Prosthetic (Prosthesis) devices, such as an artificial leg, that replace a part of the body. Prostheses are typically used to replace parts lost by injury (traumatic) or missing from birth (congenital) or to supplement defective body parts. Inside the body, artificial heart valves are in common use with artificial hearts and lungs seeing less common use but under active technology development. Other medical devices and aids that can be considered prosthetics include artificial eyes, palatal obturator, gastric bands, and dentures.
In a set of proof-of-concept experiments, Johns Hopkins researchers have implanted electrodes in both sides of the brain of a person who is mostly paralyzed — with minimal sensation in his hands — to enable him to have some “mind control” of motorized prosthetic arms.
People who have had limbs removed often use false arms and legs, known as prosthetics, to improve mobility and independence - but 75 per cent of prosthetic-wearing amputees encounter problems like skin tears, ulceration, and blisters.
As a physically active college student Trevor LeMaster is no stranger to bodily aches and pains. He is a runner and a former high school wrestler who experiences soreness and workout injuries. LeMaster is also a transfemoral amputee and has first-hand knowledge of the impacts the fit of his prosthetic device has on his residual limb.
A new prosthesis powered by microscopic electrodes implanted in the thigh muscles of the wearer transmits natural sensations when the limb is touched, as well as with the movement of the limb.
A study has revealed a simulation that incorporates the hand's skin, muscles, bones, tendons and joints, which will be valuable for the development of biologically-inspired robotic hands.
Oral health is a critical component to overall health for all ages, but according to dental and medical experts from UConn Health, vigilance is especially critical for the elderly.
Combining new classes of nanomembrane electrodes with flexible electronics and a deep learning algorithm could help disabled people wirelessly control an electric wheelchair, interact with a computer or operate a small robotic vehicle without donning a bulky hair-electrode cap or contending with wires.
EPFL scientists are developing new approaches for improved control of robotic hands - in particular for amputees - that combines individual finger control and automation for improved grasping and manipulation.
Implantable brain electrodes have been around for quite some time now, both for diagnosing and treating neuropsychiatric conditions like Parkinson’s disease. However, one limitation of conventional probes is their size and rigidity, compared to the soft, gelatinous consistency of the brain.
People with hand amputations experience difficult daily life challenges, often leading to lifelong use of a prosthetic hands and services.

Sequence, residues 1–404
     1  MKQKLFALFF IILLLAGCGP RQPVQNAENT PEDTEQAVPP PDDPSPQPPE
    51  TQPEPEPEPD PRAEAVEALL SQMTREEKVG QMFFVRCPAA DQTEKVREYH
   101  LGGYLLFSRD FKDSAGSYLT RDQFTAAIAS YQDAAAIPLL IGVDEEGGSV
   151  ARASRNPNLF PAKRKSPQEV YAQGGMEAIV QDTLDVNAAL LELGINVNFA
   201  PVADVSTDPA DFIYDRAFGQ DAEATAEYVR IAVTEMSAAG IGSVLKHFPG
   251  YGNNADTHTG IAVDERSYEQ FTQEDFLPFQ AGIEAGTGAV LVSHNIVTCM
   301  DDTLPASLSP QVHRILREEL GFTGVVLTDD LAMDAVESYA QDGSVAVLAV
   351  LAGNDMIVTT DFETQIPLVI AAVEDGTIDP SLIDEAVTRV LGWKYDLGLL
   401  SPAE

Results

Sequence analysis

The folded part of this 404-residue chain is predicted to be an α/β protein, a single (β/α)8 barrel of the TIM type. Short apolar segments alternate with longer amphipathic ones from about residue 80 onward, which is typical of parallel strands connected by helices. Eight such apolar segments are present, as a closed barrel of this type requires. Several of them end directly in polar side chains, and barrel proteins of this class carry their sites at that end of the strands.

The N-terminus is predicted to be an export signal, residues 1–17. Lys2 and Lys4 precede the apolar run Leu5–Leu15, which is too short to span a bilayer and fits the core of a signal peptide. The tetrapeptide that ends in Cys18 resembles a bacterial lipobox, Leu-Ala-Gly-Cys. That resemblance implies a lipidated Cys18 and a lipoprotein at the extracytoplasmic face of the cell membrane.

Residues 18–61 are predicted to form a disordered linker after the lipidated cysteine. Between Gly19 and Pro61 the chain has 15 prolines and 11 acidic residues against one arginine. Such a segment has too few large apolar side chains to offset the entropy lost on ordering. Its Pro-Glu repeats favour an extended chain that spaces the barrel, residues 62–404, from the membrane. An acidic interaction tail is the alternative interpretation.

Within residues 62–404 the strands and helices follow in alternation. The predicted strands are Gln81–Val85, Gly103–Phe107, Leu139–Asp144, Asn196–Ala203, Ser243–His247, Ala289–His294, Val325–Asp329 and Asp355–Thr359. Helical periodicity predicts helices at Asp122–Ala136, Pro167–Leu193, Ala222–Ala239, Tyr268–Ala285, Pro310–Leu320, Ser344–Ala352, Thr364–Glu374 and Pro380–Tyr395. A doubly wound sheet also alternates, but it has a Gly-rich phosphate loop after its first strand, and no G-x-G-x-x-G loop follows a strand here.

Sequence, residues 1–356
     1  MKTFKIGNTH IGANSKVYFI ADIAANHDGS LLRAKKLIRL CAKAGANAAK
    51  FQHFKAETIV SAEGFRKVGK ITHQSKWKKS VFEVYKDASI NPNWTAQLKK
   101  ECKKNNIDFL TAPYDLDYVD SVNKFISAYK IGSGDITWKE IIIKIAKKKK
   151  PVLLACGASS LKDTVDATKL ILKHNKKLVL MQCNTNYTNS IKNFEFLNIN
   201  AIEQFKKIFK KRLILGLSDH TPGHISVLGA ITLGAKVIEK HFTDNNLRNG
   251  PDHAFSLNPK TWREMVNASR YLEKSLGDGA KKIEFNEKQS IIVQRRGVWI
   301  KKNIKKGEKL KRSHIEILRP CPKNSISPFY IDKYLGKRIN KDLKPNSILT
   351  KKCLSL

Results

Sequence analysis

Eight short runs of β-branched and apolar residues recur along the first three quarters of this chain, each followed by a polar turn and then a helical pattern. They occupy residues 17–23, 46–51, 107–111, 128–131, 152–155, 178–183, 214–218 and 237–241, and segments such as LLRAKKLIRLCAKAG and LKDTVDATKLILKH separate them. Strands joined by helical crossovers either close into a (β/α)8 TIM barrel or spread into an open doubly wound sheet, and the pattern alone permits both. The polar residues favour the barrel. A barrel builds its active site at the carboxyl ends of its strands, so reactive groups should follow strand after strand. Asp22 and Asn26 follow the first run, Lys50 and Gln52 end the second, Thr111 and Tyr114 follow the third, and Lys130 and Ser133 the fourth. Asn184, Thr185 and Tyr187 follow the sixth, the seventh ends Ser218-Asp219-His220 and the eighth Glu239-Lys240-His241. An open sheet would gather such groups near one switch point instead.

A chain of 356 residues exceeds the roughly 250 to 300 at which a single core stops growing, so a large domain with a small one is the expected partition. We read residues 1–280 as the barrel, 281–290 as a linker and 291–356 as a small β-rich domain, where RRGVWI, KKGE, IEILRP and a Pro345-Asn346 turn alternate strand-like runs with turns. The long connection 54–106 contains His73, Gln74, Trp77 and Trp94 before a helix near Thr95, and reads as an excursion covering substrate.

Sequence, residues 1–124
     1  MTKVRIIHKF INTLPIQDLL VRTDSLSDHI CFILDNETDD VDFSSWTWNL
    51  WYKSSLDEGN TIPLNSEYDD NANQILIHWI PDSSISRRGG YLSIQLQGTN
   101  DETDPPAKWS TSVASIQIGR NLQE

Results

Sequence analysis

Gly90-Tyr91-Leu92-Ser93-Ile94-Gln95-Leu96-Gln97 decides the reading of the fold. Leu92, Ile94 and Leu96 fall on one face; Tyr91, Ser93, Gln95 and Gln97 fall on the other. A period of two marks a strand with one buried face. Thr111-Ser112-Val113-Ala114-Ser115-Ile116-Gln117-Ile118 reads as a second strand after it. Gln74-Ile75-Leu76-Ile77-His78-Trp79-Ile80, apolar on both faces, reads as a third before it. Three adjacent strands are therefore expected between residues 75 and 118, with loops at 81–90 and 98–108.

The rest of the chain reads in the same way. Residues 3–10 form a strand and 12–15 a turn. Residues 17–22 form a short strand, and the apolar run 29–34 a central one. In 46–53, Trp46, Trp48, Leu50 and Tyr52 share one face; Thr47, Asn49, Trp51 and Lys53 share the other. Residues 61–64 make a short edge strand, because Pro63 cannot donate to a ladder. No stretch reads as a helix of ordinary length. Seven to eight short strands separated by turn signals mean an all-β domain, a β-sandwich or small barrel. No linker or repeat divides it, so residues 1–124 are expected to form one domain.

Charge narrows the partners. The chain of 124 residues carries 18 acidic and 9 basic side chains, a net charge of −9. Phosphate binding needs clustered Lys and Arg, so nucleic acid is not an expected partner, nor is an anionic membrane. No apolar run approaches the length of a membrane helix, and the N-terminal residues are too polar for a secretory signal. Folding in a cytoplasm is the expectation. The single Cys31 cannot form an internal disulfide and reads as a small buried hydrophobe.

'Pilots' with physical impairments, who control computer avatars with their thoughts, will demonstrate how far brain-computer interface research has come as they compete in live events at CYBATHLON.
Patients fitted with an orthopedic prosthetic commonly experience a period of intense pain after surgery. In an effort to control the pain, surgeons inject painkillers into the tissue during the operation.
In a study recently published in Advanced Biomedical Engineering, researchers at Okayama University report a thin photoelectric film which can stimulate degenerated retinal tissues of the eye.
Keven Walgamott had a good "feeling" about picking up the egg without crushing it.
Robots and prosthetic devices may soon have a sense of touch equivalent to, or better than, the human skin with the Asynchronous Coded Electronic Skin, an artificial nervous system developed by a team of researchers at the National University of Singapore.
Opioids work against severe pain but the risks of side effects and addiction are high. In the USA alone, 26 people die every day from overdoses.
A new 3D-printed prosthetic hand can learn the wearers’ movement patterns to help amputee patients perform daily tasks, reports a study published this week in Science Robotics.
Researchers at the University of Bath have developed a new way of designing and manufacturing bespoke prosthetic liners, in less than a day.
Long-term hemodialysis is a lifesaver for approximately half a million patients in the United States with kidney failure (also known as end-stage renal disease, or ESRD) who are either waiting on or unsuitable for a kidney transplant.
EU-funded researchers and industrial partners are developing a system that allows a person to control the movement of a prosthetic hand simply by thinking of commands. A patient recently underwent surgery to implant some of the project's ground-breaking technologies.